When the Senate was considering Scalia’s nomination, it had just finished with a bruising fight over Rehnquist’s elevation to chief justice, and, despite Scalia’s strong conservative background, Senate Democrats just weren’t up for another drawn out battle over a Supreme Court nominee. Furthermore, Scalia’s being the first Italian-American Supreme Court nominee made Democrats even more hesitant to oppose his nomination.
As such, Scalia was confirmed by a unanimous vote of 98-0 on September 17, 1986. He took his seat September 26, 1986.
As a Supreme Court justice, Scalia has had little difficulty making his views known. True, he is conservative, but he is better defined by his textualist and originalist judicial philosophies, which he helped to popularize.
“Textualism” maintains that a statute should be interpreted based on its “ordinary meaning,” while “originalism” holds that the Constitution should be interpreted based on what it meant at the time of its ratification.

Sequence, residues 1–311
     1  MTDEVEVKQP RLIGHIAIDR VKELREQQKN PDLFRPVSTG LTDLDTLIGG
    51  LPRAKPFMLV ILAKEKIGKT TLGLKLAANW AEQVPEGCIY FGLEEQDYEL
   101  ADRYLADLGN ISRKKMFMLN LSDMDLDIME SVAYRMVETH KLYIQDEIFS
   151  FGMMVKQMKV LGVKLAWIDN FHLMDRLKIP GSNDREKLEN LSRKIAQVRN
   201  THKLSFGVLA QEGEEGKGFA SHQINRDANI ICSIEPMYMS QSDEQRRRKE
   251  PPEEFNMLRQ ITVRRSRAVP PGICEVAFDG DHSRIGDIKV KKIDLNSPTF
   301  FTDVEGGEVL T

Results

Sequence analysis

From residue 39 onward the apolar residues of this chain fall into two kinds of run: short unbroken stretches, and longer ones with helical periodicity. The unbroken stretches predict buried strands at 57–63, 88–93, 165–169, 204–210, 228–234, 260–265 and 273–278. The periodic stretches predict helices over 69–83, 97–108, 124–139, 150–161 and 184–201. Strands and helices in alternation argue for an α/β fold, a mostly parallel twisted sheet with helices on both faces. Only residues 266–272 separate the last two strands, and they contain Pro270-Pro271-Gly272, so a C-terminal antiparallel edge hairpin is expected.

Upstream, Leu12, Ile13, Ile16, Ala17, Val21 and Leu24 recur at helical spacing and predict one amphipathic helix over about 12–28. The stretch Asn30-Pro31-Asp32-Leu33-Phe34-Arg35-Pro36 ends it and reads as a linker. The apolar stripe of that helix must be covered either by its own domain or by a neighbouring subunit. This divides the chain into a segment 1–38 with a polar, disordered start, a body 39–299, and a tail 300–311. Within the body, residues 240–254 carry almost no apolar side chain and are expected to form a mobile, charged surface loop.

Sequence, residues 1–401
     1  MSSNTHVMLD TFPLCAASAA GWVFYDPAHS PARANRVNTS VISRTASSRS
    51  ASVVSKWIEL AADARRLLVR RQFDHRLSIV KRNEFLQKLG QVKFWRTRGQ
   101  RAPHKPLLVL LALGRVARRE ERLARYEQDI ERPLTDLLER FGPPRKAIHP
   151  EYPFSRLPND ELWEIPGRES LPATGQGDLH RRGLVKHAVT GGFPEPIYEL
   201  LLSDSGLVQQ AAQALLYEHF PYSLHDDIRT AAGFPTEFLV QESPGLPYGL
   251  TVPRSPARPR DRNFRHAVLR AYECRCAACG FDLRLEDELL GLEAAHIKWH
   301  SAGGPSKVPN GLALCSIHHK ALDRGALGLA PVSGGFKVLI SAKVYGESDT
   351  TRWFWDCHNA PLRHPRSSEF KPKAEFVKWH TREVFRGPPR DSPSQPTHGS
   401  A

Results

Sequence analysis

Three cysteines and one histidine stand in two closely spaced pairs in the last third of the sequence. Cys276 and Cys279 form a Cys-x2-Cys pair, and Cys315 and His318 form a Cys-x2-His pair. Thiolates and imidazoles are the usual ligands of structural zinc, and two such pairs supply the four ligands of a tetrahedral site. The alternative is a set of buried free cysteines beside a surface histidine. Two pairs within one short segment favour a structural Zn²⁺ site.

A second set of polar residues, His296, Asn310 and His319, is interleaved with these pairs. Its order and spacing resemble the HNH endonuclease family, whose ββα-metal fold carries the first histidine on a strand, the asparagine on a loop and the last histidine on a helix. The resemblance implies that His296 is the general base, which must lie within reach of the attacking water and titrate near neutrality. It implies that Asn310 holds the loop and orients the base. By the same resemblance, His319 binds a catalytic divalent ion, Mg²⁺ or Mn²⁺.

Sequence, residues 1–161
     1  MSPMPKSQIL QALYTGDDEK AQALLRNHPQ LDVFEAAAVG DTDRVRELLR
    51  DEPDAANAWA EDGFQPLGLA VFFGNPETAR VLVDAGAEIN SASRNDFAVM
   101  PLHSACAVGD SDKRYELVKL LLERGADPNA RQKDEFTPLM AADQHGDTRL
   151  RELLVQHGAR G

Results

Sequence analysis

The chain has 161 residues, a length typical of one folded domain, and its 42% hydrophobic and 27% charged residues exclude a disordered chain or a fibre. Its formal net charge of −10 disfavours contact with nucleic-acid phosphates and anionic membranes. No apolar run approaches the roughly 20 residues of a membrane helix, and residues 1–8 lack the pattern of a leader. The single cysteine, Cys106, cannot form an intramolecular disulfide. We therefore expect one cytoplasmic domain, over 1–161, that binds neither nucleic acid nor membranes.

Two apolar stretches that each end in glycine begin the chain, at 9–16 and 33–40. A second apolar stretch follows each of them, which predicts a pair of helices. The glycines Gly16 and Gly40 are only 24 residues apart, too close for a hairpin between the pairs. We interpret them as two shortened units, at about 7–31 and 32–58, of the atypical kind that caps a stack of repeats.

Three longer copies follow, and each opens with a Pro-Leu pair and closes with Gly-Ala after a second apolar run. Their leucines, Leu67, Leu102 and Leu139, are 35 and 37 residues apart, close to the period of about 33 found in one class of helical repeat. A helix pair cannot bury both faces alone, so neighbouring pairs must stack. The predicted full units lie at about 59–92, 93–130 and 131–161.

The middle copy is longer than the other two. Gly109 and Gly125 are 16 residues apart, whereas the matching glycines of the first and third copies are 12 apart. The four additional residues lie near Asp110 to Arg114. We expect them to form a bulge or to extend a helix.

Although Scalia shares these philosophies in common with Justice Thomas, Thomas’ own brands of textualism and originalism often lead him to a different result than Scalia’s.
One of the most glaring examples of this divergence in recent history is found in 2005’s Gonzales v. Raich, in which Thomas voted to strike down federal government regulations on marijuana, while Scalia voted to uphold them.
Raich found Scalia siding with the liberal bloc, and it certainly isn’t the only instance of such an alignment.
As discussed in these two posts, Scalia has sided with his liberal colleagues on several occasions in the past term alone. Scalia isn’t necessarily “liberal” on the questions at issue in these rulings. Rather, it is his originalism that leads him to these “liberal” conclusions.
Most often, these cases involve constitutional law protections in criminal law situations (e.g. 2001’s Kyllo v. U.S., 2009’s Melendez-Diaz v. Massachusetts, and 2013’s Missouri v. McNeely and Maryland v. King), but Scalia can surprise observers in matters unrelated to criminal law.
Nevertheless, Scalia remains conservative on most questions of law, and is poignantly so on social issues such as religion, abortion, and same-sex marriage.